NYC Transforms Site of Award-Winning Outdoor Dining Space Into Street Parking

Two images. One on the left shows Mayor Eric Adams swinging a sledgehammer to knock down an outdoor dining structure in Koreatown last week. On the right, that same spot is now street parking, where three cars, including a huge Cadillac Escalade, sit where the outdoor dining once was.
Before and after (Photos by Ed Reed/Mayoral Photography Office and Streetsblog)

When Mayor Eric Adams grabbed a sledgehammer and knocked down an unused outdoor dining structure in Koreatown last week, his administration suggested that not all of these hard-won, carless public spaces would revert back to parking.

“I’m open!” Mayor Adams declared, when Streetsblog asked him whether he would support installing plazas, bike racks, bioswales, curb extensions—anything but more car storage for private vehicles.

“We know that the future of New York City is reimagining the use of public space,” Department of Transportation Commissioner Ydanis Rodriguez said, when this reporter (working for a different publication) asked him if he wanted the spot to be parking once it was gone.

But on Tuesday evening, “the future of New York City” appeared to be two SUVs and a Mercedes sedan parked on 32nd Street where the dining structure once sat.

“Yeah, it’s so sad,” a driver named Francesca told Streetsblog, after she exited her Cadillac Escalade, when we pointed out that her parking spot used to be a place where people gathered to socialize.

But Francesca did say that she prefers plazas to parking. “I can find other parking spaces someplace else,” she said. “Outdoor dining is great.”

The footprint of the old structure—which was designed by Dash Marshall for the 2021 pop-up Maiden Korea, and won an Alfresco NYC award for “outstanding collaboration”—is officially three-hour commercial parking from 8 a.m. to 6 p.m.

People walk past three parking spots on a busy corner of Koreatown that used to have an outdoor dining structure.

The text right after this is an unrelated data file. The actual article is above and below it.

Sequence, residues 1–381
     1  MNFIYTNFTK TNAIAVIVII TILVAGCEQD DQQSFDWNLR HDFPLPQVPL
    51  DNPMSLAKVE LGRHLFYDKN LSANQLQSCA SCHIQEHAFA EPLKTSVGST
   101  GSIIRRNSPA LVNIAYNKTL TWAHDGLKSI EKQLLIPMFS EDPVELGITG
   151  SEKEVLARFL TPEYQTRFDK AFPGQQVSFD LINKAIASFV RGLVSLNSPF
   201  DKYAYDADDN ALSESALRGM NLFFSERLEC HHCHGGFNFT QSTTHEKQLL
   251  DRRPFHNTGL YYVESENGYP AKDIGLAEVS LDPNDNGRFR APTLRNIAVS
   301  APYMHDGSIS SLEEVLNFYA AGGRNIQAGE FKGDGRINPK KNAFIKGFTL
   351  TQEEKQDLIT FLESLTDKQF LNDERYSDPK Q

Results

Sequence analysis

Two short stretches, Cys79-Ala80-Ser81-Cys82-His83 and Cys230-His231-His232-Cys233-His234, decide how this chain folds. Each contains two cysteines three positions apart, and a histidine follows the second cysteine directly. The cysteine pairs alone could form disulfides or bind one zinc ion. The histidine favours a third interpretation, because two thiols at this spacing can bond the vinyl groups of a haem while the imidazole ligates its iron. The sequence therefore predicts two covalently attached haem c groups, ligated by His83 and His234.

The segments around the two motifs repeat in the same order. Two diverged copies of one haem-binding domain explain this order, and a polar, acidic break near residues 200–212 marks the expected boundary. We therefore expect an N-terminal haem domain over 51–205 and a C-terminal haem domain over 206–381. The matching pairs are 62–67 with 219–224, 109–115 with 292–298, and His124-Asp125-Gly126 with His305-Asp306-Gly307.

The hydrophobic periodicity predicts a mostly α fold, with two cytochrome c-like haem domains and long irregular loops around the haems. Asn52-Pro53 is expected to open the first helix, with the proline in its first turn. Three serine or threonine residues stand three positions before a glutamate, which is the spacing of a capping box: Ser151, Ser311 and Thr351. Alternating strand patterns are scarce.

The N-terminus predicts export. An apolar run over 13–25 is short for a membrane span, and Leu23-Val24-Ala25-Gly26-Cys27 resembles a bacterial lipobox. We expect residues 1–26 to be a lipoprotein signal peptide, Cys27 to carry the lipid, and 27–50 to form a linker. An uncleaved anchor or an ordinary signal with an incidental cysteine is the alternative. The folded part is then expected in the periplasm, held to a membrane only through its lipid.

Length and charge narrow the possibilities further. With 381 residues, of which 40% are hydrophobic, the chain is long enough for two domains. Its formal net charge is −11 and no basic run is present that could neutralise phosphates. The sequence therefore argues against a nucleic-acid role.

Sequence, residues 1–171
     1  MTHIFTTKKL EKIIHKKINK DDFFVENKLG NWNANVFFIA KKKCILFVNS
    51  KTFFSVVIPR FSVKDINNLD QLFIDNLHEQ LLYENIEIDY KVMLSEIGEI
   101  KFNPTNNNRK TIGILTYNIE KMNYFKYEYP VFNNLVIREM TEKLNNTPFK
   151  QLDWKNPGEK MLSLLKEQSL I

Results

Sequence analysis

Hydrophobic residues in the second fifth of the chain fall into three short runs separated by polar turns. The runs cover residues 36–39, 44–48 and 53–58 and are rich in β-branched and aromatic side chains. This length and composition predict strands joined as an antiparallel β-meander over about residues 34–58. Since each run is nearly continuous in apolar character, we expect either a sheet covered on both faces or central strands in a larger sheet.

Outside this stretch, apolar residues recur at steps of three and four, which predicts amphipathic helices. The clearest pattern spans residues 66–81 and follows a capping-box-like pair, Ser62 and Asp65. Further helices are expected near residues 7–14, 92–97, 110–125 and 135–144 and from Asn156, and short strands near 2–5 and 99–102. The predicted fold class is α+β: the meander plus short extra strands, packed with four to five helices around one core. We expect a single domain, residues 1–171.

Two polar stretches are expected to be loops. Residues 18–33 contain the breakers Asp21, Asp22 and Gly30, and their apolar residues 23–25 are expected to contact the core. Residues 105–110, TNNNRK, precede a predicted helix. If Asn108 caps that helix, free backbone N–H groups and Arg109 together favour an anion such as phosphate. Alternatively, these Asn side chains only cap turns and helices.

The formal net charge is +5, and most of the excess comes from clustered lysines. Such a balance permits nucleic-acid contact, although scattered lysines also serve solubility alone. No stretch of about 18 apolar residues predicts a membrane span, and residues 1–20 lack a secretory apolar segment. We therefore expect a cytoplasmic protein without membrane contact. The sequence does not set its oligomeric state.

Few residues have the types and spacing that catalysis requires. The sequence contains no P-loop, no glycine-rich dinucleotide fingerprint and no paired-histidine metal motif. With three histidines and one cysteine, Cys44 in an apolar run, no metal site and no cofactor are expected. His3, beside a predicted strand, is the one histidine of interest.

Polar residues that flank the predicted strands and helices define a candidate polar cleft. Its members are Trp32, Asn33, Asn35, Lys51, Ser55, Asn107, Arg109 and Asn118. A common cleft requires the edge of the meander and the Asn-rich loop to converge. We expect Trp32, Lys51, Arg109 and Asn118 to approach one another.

It’s like the dining structure was never here! (Streetsblog)

Last week’s press conference was a kick-off of a campaign to rid the city of abandoned and disused dining structures; 25 had already been demolished, and 37 others had been slated for the big Open Street in the sky. The owners of the sheds are given 90 days to collect their property before it’s either auctioned off or trashed. Mayor Adams insisted that now was the time to scrub the city of the unused dining sheds, while the city’s designs for a permanent program are on hold, pending a lawsuit from outdoor dining opponents.

Adams said that this particular dining structure had been a magnet for complaints about public urination and rats (as Streetsblog recently reported, it’s the food, not the structures themselves, that breed the adorable vermin).

“The mayor did a good job here,” Mohammed Chowdhury told Streetsblog on Tuesday evening. Chowdhury said he had operated his food cart on the corner of 32nd and 5th Avenue for decades, and that there are fewer rats around now that the structure is gone. “They’d come crawling up and I’d have to do this”—he loudly snapped a metal container shut—”to make them go away.”

However, Chowdhury did say that many of the rats seemed to be coming from the vacant lot where the Maiden Korea pop-up used to exist, and that they still have a run of the corner. “They need to put some more poison in the holes.” 

That lot was supposed to be a 39-story apartment building, but there’s no evident construction there. A message to the developer, Cottonwood Management, has not been returned. The DOT also did not get back to us before publication.

“This is one of my favorite blocks in the city,” City Council Member Keith Powers, who represents the district, told Streetsblog. “This whole conversation about outdoor dining needs to resume when we figure out what to do with the permanent program.” 

Powers admitted that once a space turns back into street parking, it’s tough to toggle it back, but said that every structure’s fate would have to be determined “case by case,” based on the future framework set up by the City Council, whenever that may be.

All of this sounded reasonable and fine but we pressed him further: was he really OK with letting this particular space store people’s Escalades? “I would love something more interesting here than parking.”